# AACT Member-Only Content

You have to be an AACT member to access this content, but good news: anyone can join!

### Summary

In this activity, students have a button, which they will move like a decimal point, so they are actively involved in putting numbers into scientific notation and taking numbers out of scientific notation.

### Grade Level

High school

### Objectives

By the end of this lesson, students should be able to

- put numbers into scientific notation .
- take numbers out of scientific notation.

### Chemistry Topics

This lesson supports students’ understanding of

- Scientific notation

### Time

**Teacher Preparation**: 10 minutes

**Lesson**: 30 minutes

### Materials

For each group:

- Button
- Cards with numbers that will be put into scientific notation

### Safety

No safety precautions need to be observed when carrying out this activity.

### Teacher Notes

- Prepare cards with numbers that will be expressed in scientific notation for each student (or groups of students) to use. Remember, the decimal place will be represented by a button, so make sure the card and numbers are written large enough to account for the size of the buttons you’ll have students use. There should be a variety of numbers greater than and less than one.

### For the Student

### Lesson

Scientific notation is used to abbreviate numbers that are quite large or small to make them easier to write. A number in scientific notation will follow the form:

B x 10^{n}

where *B* is a number that is equal to or greater than 1 and less than 10. The *n* is a positive or negative whole number. The *n* cannot have decimals but could be zero.

**Expressing a Number in Scientific Notation**

Sort the numbers out in front of you making a pile of numbers greater than one and a pile of numbers less than one. Using the stack of numbers that is less than one, take the number that is on top. Place a button on the decimal point. Move the button to the right until it is one place to the right of the first nonzero digit. Count the number of places that you moved the button from its original position. This number is the *n *value in scientific notation. It is negative because you moved the button to the right. The number to the left of the button and its significant digits to the right of the button becomes the *B* in scientific notation. In the space below, write the original number and then the number in scientific notation.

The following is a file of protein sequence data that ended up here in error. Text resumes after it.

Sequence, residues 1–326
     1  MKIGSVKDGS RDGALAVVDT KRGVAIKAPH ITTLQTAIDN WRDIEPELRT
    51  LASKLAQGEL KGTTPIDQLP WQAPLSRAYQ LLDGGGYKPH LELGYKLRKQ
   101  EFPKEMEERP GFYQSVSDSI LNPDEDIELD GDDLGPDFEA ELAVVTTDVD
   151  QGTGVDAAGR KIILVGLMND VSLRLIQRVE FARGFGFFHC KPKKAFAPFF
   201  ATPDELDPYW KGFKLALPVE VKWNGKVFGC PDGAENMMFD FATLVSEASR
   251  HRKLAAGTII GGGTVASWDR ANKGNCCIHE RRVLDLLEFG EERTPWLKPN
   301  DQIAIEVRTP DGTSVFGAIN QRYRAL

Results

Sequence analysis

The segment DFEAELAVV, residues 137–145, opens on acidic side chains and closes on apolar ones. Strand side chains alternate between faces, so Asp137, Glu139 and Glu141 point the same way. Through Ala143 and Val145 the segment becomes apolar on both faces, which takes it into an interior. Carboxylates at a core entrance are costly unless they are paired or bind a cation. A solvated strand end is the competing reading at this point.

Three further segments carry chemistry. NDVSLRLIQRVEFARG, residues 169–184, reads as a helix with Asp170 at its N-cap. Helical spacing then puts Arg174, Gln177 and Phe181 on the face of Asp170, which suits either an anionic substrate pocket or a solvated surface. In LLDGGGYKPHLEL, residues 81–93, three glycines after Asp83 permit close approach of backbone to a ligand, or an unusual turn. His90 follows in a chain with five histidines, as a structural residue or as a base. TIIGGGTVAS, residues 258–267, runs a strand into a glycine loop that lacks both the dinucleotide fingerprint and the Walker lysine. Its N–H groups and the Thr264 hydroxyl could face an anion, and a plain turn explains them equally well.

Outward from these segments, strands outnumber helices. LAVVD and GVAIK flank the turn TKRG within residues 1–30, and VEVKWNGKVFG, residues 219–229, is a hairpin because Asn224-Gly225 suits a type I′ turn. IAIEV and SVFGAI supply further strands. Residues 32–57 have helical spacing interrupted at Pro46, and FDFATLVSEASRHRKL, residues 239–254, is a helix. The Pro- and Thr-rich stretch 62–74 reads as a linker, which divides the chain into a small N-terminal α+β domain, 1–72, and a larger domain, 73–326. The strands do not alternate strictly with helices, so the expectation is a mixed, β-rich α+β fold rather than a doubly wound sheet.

Repeat this for all of the other numbers that are less than one and write the original number and then the number in scientific notation.

For the numbers that are greater than one, choose the number that is one top of the pile. For a number that is one or greater and doesn’t have an obvious decimal point, the decimal point is located all the way to the right after the last number. Using the number greater than one that you chose, place the button where the decimal point would be. Move the button left until there is only one nonzero digit to the left of it. Count the number of decimal places that you moved the button from the original position. This value is the *n* value in scientific notation and it is positive because you moved the decimal point to the left. The digit to the left of the button and the significant digits to the right of the button become the *B* value in scientific notation. In the space below, write the original number and then the number in scientific notation.

Repeat this for all of the other numbers in the space below writing the original number and then the number in scientific notation.

Now, write the rules for writing number in scientific notation. Make sure you have a rule that explains how to do it for numbers less than ** AND** numbers greater than one.

**Taking Numbers Out of Scientific Notation**

Go back to the first number that you put into scientific notation that was less than one. Rewrite the number in scientific notation here:

For numbers less than one, the exponent again tells you how many places that you have to move the decimal place. But when you take a number out of scientific notation, if it has a negative exponent, you move the decimal to the left that many places and substitute zeros as placeholders but keep all the significant digits. Rewrite the other numbers less than one that are in scientific notation here, then take the numbers out of scientific notation.

For numbers that are greater than one, again the exponent tells you how many places to move the decimal point. However, for numbers that are greater than one in scientific notation, the exponent will be positive so you have to move the decimal that many places to the right substituting zeros as placeholders but keeping all the significant digits.

Copy all the numbers greater than one in scientific notation here and then take them out of scientific notation: